(KERO) — Wildfires across California continue to rage as new blazes are popping up, destroying homes and buildings throughout the state.
The latest incident is the River Fire burning in the town of Colfax in Placer County breaking out Wednesday afternoon.
Cal Fire saying that fire has already grown to 14 hundred acres and has destroyed as many as *40* homes and buildings.
Evacuation orders or warnings are currently in place for the more than 6,600 residents in the area.
Cal Fire saying about four thousand buildings are currently being threatened by the fire.
And the Dixie Fire up in Plumas and Butte counties to grow and on Wednesday tore through the small town of Greenville.
The Associated Press saying the blaze destroyed the downtown area of the town with a population of just 800 people.
The town's sheriff's office, jail, library, stores, restaurants, and a hotel all reportedly burning to the ground.
Local congressman Doug LaMalfa getting emotional during a Facebook video with a large smoke plume visible in the background
"We lost Greenville tonight and there's just no words for...(gets emotional)"
the Dixie Fire, which broke out last month, has now covered 428 square miles, or more than 278,000 acres, and is only 35% contained.
About 5,000 firefighters are battling the blaze as more than 12,000 structures are currently being threatened.
So far 45 buildings have been destroyed.
And as the Dixie Fire continues to grow, here's a deeper look at where it stands historically in California.
According to Cal Fire, the Dixie Fire is now the eighth largest fire in the state's history.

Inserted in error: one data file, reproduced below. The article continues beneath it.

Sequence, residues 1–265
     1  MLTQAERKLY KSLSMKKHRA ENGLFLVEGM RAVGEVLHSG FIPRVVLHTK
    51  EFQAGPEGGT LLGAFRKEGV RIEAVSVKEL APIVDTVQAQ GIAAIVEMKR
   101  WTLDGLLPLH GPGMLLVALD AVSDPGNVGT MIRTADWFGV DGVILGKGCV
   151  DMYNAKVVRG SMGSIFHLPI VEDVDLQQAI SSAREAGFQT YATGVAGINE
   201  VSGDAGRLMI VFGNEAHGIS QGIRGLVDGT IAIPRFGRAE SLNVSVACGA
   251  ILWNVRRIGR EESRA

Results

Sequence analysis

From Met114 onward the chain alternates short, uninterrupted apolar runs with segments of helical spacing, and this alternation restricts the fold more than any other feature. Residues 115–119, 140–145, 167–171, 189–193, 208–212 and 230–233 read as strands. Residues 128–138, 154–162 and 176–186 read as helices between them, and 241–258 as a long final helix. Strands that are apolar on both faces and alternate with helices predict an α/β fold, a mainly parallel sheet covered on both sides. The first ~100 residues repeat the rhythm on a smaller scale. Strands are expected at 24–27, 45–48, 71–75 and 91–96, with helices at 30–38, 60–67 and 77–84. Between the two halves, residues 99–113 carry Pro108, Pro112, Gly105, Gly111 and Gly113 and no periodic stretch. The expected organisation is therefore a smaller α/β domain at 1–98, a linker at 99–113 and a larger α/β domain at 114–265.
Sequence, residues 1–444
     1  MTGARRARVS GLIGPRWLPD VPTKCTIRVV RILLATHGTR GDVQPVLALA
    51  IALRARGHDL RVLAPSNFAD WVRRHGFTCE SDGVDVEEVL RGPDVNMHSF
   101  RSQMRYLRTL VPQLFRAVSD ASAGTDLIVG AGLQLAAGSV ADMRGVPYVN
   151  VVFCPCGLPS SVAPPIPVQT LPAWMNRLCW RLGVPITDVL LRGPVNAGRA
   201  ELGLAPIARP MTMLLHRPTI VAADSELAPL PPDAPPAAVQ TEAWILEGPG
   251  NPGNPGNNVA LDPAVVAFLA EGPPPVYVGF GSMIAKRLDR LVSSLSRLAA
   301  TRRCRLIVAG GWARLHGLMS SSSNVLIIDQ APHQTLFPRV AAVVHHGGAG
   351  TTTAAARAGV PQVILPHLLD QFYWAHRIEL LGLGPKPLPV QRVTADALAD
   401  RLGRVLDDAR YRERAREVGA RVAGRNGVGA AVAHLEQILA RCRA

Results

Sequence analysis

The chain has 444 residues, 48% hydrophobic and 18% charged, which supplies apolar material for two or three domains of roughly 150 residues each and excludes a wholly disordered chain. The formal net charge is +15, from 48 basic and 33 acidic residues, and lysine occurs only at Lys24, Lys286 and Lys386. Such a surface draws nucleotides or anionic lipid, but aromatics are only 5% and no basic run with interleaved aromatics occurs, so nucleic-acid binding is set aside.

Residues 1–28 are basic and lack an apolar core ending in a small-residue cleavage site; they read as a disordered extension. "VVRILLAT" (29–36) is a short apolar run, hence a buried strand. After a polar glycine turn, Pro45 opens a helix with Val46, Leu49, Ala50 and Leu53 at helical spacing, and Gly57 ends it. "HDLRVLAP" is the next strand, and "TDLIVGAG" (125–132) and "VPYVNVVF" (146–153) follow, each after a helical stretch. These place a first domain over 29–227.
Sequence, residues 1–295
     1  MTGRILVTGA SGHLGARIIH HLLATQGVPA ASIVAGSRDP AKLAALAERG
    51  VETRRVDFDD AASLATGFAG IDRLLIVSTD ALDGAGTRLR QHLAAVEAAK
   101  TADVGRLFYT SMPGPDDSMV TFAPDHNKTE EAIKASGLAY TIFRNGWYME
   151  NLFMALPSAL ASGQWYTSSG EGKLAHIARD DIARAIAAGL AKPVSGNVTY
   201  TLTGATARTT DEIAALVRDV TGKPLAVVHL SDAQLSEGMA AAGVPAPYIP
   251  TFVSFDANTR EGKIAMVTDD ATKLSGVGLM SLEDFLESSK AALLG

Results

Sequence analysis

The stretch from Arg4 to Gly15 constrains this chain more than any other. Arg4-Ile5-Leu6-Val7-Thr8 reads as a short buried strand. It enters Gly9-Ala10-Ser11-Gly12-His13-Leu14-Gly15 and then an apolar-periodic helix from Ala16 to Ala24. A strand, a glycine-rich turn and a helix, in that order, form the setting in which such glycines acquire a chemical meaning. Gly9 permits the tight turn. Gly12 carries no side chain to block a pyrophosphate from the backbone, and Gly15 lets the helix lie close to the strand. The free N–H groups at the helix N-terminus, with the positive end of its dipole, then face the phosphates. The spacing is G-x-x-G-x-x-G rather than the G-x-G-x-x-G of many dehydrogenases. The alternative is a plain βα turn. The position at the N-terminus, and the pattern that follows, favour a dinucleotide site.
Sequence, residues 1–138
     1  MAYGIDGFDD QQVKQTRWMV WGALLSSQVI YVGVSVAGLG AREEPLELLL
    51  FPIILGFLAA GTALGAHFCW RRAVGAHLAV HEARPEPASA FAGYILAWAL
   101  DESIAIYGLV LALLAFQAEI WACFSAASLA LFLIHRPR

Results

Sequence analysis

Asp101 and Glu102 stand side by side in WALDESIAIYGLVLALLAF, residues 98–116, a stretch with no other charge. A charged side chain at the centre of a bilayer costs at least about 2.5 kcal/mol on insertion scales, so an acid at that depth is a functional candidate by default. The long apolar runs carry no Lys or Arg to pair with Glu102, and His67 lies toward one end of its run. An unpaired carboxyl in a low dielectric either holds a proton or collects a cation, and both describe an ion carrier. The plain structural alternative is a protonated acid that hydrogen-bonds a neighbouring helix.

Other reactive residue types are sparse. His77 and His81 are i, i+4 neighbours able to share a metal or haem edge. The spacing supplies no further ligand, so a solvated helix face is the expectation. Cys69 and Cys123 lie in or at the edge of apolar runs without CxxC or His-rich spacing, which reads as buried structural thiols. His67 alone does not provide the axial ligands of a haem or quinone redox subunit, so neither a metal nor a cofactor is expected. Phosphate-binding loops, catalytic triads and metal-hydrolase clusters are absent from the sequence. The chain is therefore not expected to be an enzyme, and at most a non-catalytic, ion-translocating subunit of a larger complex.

The largest fire ever recorded is the August Complex, which covered more than one million acres and destroyed nearly a 1,000 buildings just last year.
Consider this, five of the six largest fires in California's history all broke out just last year.
As wildfire season rages on, Gov. Gavin Newsom was in Glenn County meeting with U.S. Agriculture Secretary Tom Vilsack about ongoing efforts to get federal aid to California to help battle the state's fires.
"The reality at the end of the day is that we need to approach things differently," said Newsom. "We need to acknowledge that the hot is getting a lot hotter and the highs are getting dryer and from a flooding concern these atmospheric rivers, the wets are getting a lot wetter.
"The simultaneous crisis, not only drought but climate extreme heat and weather, dry soil conditions. But also energy reliability challenges not only California and Californians, but our governance over the entire West Coast of the United States."
In California the federal government owns the majority of the forest land where wildfires are burning, while the state owns just 3%.